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    Categories: CricketNewsRon Reed

Bushrangers victims of a new home invasion

MELBOURNE, AUSTRALIA - MARCH 03: Steven O'Keefe of the NSW Blues celebrates taking a wicket during day one of the Sheffield Shield match between Victoria and New South Wales at Junction Oval on March 3, 2018 in Melbourne, Australia. (Photo by Kelly Defina/Getty Images)

VICTORIA’S CRICKETERS hoped for a happy christening of their new $40 million home at the Junction Oval, but they got a hostile reception from an opponent with a point to prove. Chief Writer RON REED reports:

LESS THAN AN HOUR into the Sheffield Shield match against NSW, curious spectators who had come for a look at the new pride of Victorian cricket – the refurbished Junction Oval in St Kilda – might have thought they had been transported to India, in the days when spin bowlers reigned supreme.

For here was left-arm tweaker Steve O’Keefe bowling with three slips, a silly mid-on and a silly mid-off – a field rarely if ever seen for a spinner — and four top-order wickets to his name. Another spinner, teenage debutant Param Uppal, had been quickly called on to replace former Test paceman Trent Copeland, while another senior paceman, Sean Abbott, hadn’t had a sniff and didn’t get one until the second session.

This was all long before lunch on the first day.

A few minutes after it, O’Keefe struck again, removing veteran Cameron White for 23, and completing the 13th five-wicket haul of his 75-match first-class career.

He expertly trundled away for most of the first session, all of the second and well into the third, finishing with career-best figures of 8-77 off 32.4 overs as the Bushrangers were dismissed for a disappointing 199. In reply, the Sydneysiders reached 4-65, fourteen wickets falling in an unusually difficult day for batsmen.

So O’Keefe was bowling hand grenades on a minefield, making him unplayable? Well, not necessarily. While Travis Dean, 6, Glenn Maxwell, 8, Will Pucovski, 2, and skipper Aaron Finch, 0, succumbed in quick succession, opener Marcus Harris merrily skipped down the track to O’Keefe and blasted him for sixes off successive deliveries to reach a rollicking half-century out of a team score of 2/66 at that point.

Harris certainly wasn’t finding the veteran of nine Tests unfathomable as he scored at a run a ball.

There didn’t seem to be anything particularly evil in the flat-looking track, although definitely more bounce and turn than Finch might have expected when he had no hesitation in batting after winning the toss, which was ceremonially performed by Premier Daniel Andrews.

Steven O’Keefe celebrates taking a wicket. Pic: Kelly Defina/Getty Images

It was just confirmation that O’Keefe, 33, despite a few well-publicised issues with his off-field behaviour, is both talented and experienced, with more than 250 first-class wickets, as well as a 12 wicket haul in a Test in India last year.

Despite that stellar performance and then a recall to the Test team in Bangladesh only a few months ago, he was overlooked for the second spinner’s spot – overtaken by Victoria’s Jon Holland — on the current tour of South Africa, and probably feels he has a point to prove and not a lot of time to prove it.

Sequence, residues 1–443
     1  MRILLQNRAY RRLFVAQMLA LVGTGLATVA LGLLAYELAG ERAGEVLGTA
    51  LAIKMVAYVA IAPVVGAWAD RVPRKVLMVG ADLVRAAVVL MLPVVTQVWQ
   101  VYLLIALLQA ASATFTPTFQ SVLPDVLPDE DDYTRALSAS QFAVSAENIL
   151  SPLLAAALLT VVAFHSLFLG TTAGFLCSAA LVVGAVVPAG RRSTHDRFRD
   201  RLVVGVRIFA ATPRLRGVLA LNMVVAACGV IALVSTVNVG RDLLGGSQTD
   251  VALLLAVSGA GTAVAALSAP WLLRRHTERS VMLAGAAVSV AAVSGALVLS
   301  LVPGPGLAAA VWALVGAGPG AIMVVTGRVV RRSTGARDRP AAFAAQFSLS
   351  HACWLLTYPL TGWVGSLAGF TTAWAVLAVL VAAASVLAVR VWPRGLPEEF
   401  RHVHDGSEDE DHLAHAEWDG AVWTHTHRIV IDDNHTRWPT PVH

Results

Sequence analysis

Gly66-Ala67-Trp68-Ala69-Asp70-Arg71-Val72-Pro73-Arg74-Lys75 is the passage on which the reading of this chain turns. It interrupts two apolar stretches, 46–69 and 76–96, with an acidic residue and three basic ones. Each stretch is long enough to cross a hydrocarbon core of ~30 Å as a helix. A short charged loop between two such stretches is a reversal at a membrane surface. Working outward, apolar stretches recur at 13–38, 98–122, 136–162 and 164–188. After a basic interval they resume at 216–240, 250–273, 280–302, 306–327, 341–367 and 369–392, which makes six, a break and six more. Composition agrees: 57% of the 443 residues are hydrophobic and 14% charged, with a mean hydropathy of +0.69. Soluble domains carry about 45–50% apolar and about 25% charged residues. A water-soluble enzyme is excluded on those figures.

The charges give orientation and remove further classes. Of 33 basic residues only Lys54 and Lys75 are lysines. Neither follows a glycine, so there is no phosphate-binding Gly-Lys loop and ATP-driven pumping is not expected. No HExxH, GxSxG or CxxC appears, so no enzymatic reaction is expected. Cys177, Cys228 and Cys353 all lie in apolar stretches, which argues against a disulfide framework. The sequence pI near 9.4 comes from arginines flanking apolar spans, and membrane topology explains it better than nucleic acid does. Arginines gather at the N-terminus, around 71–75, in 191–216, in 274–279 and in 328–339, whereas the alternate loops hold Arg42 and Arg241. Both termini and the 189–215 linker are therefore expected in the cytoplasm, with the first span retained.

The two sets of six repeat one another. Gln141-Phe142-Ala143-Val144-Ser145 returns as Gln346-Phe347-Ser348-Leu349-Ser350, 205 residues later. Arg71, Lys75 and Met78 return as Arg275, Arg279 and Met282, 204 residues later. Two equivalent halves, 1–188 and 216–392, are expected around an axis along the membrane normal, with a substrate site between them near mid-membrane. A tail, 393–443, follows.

This is only his second Shield match after missing most of the Big Bash T20 tournament with an ankle injury sustained while playing for the Sydney Sixers against Perth Scorchers on New Year’s Day.

“Im pretty comfortable with where I’m at,’’ O’Keefe said.

“I know to get back into that team you’ve got to bowl well, and they’ve got great spinners there with Nathan Lyon the best in the world almost, plus John Holland deserves to be there.

“I’m realistic. I’ll try to keep doing well for NSW and see what happens.’’

Meanwhile, Harris steamed to his second century of the season, reaching 102 before the team had got to 150 and finishing with 109.

Cricket Australia chief executive James Sutherland and outgoing Victorian chief Tony Dodemaide and his successor, Andrew Ingleton, who were all on hand, had reason to be pleased with the look and feel of the occasion even though there were only a few hundred spectators.

In perfect cricket weather, a dozen or so beach-style umbrellas dotted around the grassy banks on the southern side and the old gum trees provided as much shade as necessary while the ancient Blackie-Ironmonger stand was pressed into service. A new electronic scoreboard has no replay facility. Old pushable sightscreens on wheels and a new white picket fence are throwbacks that add to the ambience. Parking is a problem – fees for what little there is in the surrounding parkland were recently increased – or will be if a crowd in the thousands ever arrives.

 In some ways – notably the need to give an expensive kiss of life to the derelict Kevin Murray grandstand – the project is still a work in progress, but it seems certain to be a popular addition to the suite of elite sports venues for which the sports capital is justly proud.

Author: Ron Reed

RON REED has spent more than 50 years as a sportswriter or sports editor, mainly at The Herald and Herald Sun. He has covered just about every sport at local, national and international level, including multiple assignments at the Olympic and Commonwealth games, cricket tours, the Tour de France, America’s Cup yachting, tennis and golf majors and world title fights.

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Ron Reed :RON REED has spent more than 50 years as a sportswriter or sports editor, mainly at The Herald and Herald Sun. He has covered just about every sport at local, national and international level, including multiple assignments at the Olympic and Commonwealth games, cricket tours, the Tour de France, America’s Cup yachting, tennis and golf majors and world title fights.

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